In nonrheumatoid patients, RL arthrodesis is traditionally performed as open surgery,5 although some authors may also consider the use of arthroscopy.3 A distal ulna resection or S-K procedure may be combined with RL arthrodesis, but the ulnar head should be preserved, if possible, in most of the nonrheumatoid patients.3 The most frequent indications are painful articular distal radius malunion and chronic posttraumatic ulnar translation of the carpus, which usually is the consequence of a failed treatment or missed radiocarpal dislocation. In the following, the most common complications are reviewed and discussed.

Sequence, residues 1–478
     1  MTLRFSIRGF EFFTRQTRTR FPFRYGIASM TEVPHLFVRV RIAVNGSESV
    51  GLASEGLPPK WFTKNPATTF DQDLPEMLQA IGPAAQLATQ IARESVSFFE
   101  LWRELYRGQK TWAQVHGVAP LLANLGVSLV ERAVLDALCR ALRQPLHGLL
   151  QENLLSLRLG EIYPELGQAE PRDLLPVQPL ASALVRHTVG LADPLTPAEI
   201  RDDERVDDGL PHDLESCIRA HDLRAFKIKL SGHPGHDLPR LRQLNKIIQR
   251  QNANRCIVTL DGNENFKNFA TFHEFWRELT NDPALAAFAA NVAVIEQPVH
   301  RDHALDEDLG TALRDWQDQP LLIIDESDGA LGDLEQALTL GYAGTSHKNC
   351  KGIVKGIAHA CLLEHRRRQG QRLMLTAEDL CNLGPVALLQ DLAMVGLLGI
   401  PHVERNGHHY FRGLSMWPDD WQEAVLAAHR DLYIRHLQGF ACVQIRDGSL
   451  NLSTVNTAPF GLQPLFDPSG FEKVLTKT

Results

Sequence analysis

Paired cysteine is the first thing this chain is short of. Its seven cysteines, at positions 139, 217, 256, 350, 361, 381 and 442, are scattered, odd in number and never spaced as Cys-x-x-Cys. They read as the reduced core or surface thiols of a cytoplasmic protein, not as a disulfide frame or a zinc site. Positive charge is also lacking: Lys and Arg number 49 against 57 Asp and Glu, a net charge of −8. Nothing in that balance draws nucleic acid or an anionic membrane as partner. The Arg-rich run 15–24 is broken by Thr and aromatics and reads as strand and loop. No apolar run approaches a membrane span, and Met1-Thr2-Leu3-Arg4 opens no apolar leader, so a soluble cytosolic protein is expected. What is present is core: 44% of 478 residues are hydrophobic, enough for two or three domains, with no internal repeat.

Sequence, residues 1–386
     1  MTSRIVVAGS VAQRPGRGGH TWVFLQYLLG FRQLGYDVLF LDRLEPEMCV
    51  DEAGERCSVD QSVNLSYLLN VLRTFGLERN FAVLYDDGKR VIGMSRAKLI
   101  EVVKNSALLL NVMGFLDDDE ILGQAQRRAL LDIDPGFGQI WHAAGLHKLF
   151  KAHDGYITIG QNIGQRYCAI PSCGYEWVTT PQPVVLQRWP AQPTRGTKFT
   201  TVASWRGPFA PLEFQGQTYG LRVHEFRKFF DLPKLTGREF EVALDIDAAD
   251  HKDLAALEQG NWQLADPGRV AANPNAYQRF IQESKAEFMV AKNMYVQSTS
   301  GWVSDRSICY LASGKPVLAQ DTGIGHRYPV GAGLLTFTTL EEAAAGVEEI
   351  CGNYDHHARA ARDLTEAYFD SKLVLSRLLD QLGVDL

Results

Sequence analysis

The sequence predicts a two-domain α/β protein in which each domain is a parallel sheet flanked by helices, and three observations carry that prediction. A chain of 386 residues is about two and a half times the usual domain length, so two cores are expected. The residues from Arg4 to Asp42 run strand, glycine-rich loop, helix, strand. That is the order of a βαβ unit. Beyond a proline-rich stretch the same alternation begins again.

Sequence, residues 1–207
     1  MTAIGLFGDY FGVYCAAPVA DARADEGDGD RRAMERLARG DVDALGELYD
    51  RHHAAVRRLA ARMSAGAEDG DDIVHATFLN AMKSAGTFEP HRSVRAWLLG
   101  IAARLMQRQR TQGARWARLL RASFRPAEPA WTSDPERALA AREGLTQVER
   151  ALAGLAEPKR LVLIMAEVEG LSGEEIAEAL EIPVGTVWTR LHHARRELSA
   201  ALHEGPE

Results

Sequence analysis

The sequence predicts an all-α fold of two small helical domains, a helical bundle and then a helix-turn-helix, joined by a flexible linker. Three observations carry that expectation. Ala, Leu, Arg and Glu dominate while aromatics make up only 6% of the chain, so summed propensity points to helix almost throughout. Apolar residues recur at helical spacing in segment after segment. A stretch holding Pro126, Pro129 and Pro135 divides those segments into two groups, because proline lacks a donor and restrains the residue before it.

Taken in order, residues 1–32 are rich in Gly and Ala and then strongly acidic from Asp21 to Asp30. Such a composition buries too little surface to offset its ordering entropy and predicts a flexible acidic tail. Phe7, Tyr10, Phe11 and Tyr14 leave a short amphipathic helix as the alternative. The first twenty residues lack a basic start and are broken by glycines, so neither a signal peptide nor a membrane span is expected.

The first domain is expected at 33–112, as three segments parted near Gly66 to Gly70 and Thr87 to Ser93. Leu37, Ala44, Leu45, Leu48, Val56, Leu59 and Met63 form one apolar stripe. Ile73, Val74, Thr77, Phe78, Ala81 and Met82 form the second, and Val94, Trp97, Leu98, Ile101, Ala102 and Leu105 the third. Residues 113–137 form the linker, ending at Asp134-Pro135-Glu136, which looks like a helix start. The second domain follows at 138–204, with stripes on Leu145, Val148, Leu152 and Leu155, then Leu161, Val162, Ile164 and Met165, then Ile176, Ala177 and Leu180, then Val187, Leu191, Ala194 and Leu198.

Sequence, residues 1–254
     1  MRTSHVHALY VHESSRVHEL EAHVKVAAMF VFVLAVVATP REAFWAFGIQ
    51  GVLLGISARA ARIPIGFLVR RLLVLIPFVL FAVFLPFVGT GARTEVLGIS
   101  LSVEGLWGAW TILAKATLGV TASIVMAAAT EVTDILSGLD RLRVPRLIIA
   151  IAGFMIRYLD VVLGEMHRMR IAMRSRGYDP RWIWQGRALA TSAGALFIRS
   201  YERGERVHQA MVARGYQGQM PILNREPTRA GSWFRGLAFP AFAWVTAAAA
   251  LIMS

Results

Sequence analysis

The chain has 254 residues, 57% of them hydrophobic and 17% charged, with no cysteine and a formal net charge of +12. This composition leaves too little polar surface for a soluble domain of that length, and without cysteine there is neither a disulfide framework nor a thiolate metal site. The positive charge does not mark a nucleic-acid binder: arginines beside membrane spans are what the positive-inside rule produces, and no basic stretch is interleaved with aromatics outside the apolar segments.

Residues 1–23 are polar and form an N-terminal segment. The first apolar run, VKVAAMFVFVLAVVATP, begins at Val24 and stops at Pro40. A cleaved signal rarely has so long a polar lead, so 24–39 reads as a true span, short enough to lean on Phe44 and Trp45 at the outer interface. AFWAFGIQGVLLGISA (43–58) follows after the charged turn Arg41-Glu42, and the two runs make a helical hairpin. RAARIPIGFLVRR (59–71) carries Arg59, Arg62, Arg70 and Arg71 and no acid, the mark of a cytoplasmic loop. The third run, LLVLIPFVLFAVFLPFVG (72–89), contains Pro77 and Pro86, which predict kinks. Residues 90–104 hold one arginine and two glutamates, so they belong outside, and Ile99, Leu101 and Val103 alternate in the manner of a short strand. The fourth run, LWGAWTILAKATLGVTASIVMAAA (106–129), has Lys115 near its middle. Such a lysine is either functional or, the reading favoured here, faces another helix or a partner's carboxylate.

Reduced Wrist Mobility

Some limitation of wrist motion should be expected after any partial wrist arthrodesis.6 This should not be considered as a complication provided that 20 to 40 degrees of painless active wrist extension is preserved, which corresponds to a functional wrist.


Borisch and Haussmann7 reported on 91 RL arthrodeses for rheumatoid patients at a mean follow-up of 5 years. No nonunion was reported. There are very few reports of RL arthrodesis in nonrheumatoid patients. Saffar5 reported on a series of 11 RL arthrodeses performed mainly for symptomatic malunion after distal radial fractures. Only one nonunion was reported, salvaged by a bone grafting revision.

Secondary Deterioration of the Midcarpal Joint